The Stack reports on a talk by Professor Giovanni Vigna concerning the increasing sophistication of malware in its attempts to evade detection by effectively laying low on a target system. Detection is the enemy of malware, because it is quickly followed by updates to anti-virus software to enable detection of its signature and subsequent removal from the ecosystem. Of particular importance to the creators of malware is that it does not become active in a virtual machine of the kind used by anti-virus software to encourage safe activation. Malware therefore needs to do two things that work against one another: to evade detection by staying quiet, and to deliver its payload by becoming active.
This is a very common problem in decision strategy when participants' interests are not aligned, and when there is relevant but hidden information. Under these conditions, the interaction becomes what in game theory parlance is known as a 'signalling game'. In the situation described above, there are actually two simultaneous signalling games going on: the malware is trying to signal that it is benign, and the anti-virus's virtual snare is trying to signal to the malware that it's a real machine ready to be infected.
Signalling games occur everywhere. Interviewees want to appear more competent than they are. Men and women want to appear more attractive than they are to potential suitors. Manufacturers want their goods to look high-quality even when they aren't. Both China and the US want to signal resolve over Taiwan and avoid revealing the true price they'd be willing to pay for their objectives. The economist Robin Hanson holds the view, with considerable conceptual support, that signalling is the main driver of most human behaviour. The game of poker - among many others - is fundamentally a signalling game; players with strong hands want to look mediocre, and players with weak hands want to look strong.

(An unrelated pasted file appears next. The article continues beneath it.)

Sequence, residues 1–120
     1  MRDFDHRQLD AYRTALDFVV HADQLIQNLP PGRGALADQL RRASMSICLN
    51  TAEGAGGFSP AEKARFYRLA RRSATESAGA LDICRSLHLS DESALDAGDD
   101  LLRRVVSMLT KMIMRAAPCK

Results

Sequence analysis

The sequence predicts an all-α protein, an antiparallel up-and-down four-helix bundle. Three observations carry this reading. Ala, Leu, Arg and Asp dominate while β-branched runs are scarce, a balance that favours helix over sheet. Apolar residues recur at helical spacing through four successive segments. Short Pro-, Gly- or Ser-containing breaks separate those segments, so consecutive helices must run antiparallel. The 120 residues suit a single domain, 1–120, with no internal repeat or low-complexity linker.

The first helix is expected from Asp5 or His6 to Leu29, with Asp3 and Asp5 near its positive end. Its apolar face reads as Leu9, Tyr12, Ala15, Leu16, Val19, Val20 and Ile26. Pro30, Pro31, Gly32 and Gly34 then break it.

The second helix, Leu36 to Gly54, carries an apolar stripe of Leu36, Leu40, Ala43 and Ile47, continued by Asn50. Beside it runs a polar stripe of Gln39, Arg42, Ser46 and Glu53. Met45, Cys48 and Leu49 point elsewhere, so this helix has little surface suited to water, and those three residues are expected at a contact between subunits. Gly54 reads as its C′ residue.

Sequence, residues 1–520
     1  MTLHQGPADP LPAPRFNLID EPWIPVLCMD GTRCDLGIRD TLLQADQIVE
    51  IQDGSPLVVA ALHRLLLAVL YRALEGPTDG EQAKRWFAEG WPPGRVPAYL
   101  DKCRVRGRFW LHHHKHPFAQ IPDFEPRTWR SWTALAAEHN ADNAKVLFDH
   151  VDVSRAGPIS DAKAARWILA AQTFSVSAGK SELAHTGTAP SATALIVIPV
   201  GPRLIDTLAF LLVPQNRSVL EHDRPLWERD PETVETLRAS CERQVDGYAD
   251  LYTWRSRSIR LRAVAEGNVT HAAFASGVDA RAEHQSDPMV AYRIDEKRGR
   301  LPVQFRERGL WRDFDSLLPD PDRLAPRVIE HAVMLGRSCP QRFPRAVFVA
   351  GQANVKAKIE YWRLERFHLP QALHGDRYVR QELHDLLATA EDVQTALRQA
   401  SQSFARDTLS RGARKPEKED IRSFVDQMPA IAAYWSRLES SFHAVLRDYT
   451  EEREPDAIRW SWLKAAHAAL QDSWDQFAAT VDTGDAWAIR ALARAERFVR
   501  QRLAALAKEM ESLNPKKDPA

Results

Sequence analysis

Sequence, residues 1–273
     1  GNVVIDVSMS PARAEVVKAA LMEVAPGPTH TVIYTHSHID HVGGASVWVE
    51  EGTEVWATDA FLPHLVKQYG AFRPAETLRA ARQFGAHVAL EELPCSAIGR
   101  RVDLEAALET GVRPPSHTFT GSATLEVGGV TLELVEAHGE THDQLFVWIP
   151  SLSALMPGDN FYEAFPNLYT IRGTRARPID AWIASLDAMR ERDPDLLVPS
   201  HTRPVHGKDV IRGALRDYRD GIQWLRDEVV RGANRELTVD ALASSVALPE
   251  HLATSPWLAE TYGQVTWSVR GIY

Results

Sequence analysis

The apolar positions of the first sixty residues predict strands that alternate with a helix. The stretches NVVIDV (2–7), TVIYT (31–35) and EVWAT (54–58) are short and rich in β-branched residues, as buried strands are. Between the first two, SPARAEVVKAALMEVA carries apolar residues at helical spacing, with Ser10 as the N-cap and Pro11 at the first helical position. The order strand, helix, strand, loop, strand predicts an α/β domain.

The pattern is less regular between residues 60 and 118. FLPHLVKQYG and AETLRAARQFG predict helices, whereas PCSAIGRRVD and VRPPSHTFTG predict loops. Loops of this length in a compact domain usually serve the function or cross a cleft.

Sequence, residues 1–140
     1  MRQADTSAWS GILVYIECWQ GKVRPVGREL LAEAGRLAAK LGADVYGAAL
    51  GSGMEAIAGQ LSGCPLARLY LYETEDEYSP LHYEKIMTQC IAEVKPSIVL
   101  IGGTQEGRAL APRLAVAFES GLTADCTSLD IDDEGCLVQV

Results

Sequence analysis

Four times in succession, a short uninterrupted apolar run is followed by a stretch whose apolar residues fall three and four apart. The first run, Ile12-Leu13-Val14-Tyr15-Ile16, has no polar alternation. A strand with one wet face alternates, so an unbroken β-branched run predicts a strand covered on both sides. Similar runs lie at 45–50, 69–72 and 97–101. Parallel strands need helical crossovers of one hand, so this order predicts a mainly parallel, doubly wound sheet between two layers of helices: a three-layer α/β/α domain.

The theory of signalling games is a surprisingly recent invention, generally considered to have begun with George Akerlof's 1970 article 'The Market for Lemons'. Signalling games can resolve one of three ways. 'Pooling' and 'separating' occur when everyone transmits either the same signature or unique signatures respectively. The more-interesting mixed outcome is when only a proportion of players send the 'false' signal. As a general rule, 'good' signal senders (non-malicious software) and receivers (anti-virus software) would like separating solutions in which they can identify one another. 'Bad' senders (malware) would like to be in a pooling or mixed solution in which they reap the rewards that should be due only to the 'good' players.
It turns out that in these situations a key determinant is signalling costs, and specifically whether or not the receiver can impose a higher cost on 'bad' types than on 'good' types. This kind of solution occurs everywhere: it's easier for a clever person to get a good degree than a stupid one; it's easier for an attractive person to look nice than an ugly one; it's easier for a manufacturer of high-end cars to demonstrate their quality than a firm smashing out bangers; it's easier for a competent person to pass an interview than an incompetent one. Good malware design, and good anti-virus detection, will take account of this by trying to find ways to make it costlier for virtual machines to pretend to be real, or for malware to look benign.